THE LOCATION: San Diego Opera at the Civic Theatre, through February 26.
THE BOTTOM LINE: Best Bet
THE SHOW: Molière, a Cabal of Hypocrites, Russian playwright Mikhail Bulgakov’s tragicomedy about the life of a beleaguered playwright like himself
THE STORY: The play is about Molière (1622-1673) and his tumultuous relationship with the Sun King, Louis XIV, but the story parallels Bulgakov’s running afoul of Stalin. In Molière’s case, it was Tartuffe that was banned. In Bulgakov’s , it was this very play, which was shut down after just seven performances. The plot, while cataloguing Molière’s trials and travails with women and actors, really concerns the position of a writer in an autocratic society, exploring the relationship between artist, ruler and ideological establishment. At first, Bulgakov believes that a king would intervene to protect a playwright from ideologues who are hell-bent on silencing him. By the end of this play, and in a subsequent one about Pushkin , Bulgakov had given up any illusions about benevolent intervention from above. Through these works, he expressed his pessimistic assessment of the possibilities for artist survival in the Soviet Union .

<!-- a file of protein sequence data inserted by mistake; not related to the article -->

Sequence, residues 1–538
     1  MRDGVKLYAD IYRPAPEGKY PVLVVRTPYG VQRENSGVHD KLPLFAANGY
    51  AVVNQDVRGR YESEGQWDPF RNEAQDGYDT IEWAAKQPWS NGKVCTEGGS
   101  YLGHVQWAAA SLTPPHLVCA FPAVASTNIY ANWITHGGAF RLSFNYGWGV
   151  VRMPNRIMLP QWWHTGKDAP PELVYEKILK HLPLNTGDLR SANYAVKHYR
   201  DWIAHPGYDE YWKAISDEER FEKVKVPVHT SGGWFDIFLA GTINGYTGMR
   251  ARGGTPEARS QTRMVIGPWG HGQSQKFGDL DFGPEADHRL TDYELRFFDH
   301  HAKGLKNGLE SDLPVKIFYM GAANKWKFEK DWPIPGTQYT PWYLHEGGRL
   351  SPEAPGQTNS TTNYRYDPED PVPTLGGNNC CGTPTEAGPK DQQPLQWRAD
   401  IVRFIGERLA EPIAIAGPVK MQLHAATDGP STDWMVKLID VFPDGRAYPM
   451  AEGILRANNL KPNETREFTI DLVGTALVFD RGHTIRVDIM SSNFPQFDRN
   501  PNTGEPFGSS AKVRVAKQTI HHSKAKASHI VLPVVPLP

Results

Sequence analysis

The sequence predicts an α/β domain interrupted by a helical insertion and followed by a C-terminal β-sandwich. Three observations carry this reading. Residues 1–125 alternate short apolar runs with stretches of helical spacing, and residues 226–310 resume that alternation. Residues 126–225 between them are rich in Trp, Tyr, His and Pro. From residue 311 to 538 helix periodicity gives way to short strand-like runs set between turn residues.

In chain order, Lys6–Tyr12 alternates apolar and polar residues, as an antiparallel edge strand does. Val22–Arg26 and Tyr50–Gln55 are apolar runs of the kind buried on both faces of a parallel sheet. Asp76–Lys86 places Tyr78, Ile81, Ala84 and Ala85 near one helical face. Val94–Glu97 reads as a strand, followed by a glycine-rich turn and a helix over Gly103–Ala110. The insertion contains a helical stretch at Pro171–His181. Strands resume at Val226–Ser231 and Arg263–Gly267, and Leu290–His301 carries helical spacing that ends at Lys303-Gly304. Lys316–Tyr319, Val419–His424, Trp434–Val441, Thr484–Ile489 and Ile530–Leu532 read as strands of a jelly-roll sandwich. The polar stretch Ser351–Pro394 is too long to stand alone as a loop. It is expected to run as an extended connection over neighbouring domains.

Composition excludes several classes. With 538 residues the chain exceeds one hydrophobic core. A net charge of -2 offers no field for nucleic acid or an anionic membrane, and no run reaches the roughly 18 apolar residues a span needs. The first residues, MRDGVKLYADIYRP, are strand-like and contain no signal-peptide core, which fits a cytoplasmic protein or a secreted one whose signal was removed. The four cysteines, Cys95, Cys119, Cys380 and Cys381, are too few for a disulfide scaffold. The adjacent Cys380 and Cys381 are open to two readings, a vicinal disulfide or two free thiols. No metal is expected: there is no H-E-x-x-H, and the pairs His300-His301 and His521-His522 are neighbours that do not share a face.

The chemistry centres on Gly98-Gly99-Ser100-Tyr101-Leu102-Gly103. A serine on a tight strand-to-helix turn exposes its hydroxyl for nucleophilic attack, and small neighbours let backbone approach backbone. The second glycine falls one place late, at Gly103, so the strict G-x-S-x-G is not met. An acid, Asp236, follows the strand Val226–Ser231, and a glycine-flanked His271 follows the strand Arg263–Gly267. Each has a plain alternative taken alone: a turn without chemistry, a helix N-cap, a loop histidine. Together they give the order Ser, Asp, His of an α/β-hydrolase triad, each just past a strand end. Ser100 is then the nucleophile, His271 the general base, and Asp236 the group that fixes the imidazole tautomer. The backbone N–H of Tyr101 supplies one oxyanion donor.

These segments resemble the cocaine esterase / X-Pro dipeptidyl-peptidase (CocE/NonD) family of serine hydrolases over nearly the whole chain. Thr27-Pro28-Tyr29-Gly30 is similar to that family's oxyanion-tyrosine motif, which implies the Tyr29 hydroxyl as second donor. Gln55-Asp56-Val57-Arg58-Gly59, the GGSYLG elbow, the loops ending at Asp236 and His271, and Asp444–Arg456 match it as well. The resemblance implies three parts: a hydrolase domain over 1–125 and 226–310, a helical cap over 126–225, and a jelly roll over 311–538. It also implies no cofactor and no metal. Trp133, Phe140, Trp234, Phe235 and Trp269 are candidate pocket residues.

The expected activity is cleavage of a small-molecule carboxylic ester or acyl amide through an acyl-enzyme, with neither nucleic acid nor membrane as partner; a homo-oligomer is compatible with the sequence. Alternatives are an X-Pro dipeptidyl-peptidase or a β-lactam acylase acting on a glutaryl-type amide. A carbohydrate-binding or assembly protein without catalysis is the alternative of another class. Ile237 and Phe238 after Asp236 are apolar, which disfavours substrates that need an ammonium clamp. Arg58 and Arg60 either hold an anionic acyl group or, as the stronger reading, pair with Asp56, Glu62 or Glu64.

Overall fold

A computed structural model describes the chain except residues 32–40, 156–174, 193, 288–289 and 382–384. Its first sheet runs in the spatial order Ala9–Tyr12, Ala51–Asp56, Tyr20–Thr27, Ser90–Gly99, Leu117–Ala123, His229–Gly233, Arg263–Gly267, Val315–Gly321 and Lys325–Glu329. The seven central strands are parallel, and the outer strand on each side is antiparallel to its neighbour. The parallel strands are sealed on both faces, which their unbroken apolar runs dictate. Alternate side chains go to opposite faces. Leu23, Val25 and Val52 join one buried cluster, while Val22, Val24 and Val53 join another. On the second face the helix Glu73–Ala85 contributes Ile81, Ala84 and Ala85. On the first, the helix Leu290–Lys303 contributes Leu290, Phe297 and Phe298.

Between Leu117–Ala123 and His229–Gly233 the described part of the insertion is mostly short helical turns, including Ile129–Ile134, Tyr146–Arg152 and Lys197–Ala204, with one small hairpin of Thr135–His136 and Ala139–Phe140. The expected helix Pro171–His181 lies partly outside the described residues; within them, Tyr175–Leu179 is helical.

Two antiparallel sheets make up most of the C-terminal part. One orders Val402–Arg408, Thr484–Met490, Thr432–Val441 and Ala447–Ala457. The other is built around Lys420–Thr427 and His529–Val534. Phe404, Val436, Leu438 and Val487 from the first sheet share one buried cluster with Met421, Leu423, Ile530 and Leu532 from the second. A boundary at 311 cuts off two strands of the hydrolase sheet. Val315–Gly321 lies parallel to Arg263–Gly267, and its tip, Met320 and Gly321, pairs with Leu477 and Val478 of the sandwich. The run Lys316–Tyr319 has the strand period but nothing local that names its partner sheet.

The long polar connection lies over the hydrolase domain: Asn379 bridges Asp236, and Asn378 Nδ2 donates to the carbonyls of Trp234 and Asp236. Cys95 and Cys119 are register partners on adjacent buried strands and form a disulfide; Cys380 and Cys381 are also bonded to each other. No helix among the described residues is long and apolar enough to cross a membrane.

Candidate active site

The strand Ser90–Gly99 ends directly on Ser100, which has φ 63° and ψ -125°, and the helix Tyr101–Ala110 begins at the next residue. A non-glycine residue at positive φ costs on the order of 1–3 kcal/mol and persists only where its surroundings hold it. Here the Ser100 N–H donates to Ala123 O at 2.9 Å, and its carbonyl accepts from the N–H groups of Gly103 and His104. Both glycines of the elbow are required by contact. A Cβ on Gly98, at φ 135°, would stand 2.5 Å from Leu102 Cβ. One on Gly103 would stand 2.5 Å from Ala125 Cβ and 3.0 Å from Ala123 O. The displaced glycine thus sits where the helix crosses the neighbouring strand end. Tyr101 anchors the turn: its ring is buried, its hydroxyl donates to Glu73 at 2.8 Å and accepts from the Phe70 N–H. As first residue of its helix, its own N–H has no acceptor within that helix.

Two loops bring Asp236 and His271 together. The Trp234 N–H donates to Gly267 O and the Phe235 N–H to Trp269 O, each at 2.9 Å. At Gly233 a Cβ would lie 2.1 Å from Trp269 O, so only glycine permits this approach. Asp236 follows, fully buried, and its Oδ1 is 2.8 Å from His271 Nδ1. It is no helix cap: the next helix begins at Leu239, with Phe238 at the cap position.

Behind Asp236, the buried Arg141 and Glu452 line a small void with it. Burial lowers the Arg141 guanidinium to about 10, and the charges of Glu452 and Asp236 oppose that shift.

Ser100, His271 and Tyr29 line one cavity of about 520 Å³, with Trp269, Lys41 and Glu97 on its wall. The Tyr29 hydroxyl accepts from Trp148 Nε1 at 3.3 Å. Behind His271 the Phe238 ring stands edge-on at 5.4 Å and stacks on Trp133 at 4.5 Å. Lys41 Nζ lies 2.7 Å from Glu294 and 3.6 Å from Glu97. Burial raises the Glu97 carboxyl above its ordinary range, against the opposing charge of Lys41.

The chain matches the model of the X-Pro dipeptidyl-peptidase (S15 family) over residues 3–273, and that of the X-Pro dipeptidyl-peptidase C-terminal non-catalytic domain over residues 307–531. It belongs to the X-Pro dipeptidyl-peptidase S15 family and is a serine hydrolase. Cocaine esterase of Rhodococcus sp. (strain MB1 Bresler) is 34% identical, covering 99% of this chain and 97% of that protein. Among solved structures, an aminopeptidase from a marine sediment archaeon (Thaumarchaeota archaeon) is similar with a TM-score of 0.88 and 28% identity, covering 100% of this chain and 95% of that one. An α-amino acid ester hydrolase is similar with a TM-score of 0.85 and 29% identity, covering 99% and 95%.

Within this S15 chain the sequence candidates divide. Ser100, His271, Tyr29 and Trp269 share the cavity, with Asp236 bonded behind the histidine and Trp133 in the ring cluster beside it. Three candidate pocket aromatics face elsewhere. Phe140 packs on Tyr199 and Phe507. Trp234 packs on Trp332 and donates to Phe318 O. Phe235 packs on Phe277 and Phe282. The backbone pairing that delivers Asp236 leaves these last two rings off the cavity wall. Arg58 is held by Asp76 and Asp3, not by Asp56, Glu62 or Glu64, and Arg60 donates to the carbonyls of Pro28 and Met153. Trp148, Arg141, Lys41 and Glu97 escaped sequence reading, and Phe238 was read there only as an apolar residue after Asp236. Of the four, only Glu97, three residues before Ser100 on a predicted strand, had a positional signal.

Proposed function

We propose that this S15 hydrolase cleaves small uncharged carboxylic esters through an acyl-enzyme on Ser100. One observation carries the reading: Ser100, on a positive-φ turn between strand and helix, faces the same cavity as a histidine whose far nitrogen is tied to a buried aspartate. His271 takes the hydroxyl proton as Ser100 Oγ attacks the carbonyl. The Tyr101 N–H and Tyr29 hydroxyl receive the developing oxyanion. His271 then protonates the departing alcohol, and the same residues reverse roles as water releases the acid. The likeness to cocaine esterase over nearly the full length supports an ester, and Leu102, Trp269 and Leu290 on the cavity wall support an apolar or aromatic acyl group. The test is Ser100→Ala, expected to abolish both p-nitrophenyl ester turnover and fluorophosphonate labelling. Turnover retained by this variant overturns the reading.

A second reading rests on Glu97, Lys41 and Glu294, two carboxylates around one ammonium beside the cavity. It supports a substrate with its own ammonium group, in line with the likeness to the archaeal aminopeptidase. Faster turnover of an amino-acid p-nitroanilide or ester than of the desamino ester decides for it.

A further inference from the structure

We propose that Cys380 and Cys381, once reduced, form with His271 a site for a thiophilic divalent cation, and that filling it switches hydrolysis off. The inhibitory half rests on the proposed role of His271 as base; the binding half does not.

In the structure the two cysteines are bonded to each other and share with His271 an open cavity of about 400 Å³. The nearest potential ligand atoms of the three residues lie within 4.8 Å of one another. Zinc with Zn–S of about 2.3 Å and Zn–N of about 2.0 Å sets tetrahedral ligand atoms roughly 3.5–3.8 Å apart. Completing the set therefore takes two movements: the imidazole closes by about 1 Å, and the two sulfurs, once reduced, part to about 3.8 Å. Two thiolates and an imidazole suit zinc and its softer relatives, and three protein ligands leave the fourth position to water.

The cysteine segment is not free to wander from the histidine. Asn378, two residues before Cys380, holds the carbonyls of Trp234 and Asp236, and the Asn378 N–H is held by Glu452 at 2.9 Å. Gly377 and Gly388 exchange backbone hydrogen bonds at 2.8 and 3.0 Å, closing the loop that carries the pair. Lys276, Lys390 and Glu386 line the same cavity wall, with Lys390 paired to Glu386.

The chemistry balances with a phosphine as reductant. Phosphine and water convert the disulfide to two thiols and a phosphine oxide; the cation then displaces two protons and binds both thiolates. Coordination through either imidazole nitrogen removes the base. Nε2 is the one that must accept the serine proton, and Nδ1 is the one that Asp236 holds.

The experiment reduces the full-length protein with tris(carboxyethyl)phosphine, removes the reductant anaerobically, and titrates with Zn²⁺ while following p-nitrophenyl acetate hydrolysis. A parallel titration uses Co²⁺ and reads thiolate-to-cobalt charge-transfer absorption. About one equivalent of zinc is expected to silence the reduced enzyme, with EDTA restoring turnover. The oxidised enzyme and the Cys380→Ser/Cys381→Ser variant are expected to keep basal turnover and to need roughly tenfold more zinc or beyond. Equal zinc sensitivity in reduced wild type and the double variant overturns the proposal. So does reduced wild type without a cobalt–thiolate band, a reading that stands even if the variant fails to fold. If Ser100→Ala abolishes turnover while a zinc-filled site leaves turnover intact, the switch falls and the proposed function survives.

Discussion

THE PLAYERS, THE PRODUCTION: The tragedy of Molière’s life had a farcical nature, just as the farces he wrote had tragic underpinnings. And who better to tread that fine, delicate line than someone from Théâtre de la Jeune Lune ? For its eye-popping, head-spinning production, UCSD brought in Barbra Berlovitz , co-founder and co-artistic director of Jeune Leune , the gifted company that made such magnificent magic of Molière’s The Miser a few months ago at the La Jolla Playhouse. A graduate of the esteemed École Jacques Lecoq in Paris , she brought all the agile physicality of her Tony Award-winning troupe to the MFA theater students. And the result is stunning. Before the play begins, we see the actors, in costume, warming up to their characters, jumping, running , practicing, making up. Throughout, the movements are stylized, the costumes (by 3rd year MFA student Paloma Young) gorgeous. Berlovitz cast a young woman (Teri Reeves) as the King, and her every move is calculatedly wonderful. As Molière, Mark Emerson shows once again his acting versatility – at times angry, obsequious, lecherous, pathetic . His excellent performance underscores the hypocrisy that lurks in every character; even the master must grovel before the monarch. Samuel Stricklen is engaging as Molière’s seemingly loyal subordinate Bouton .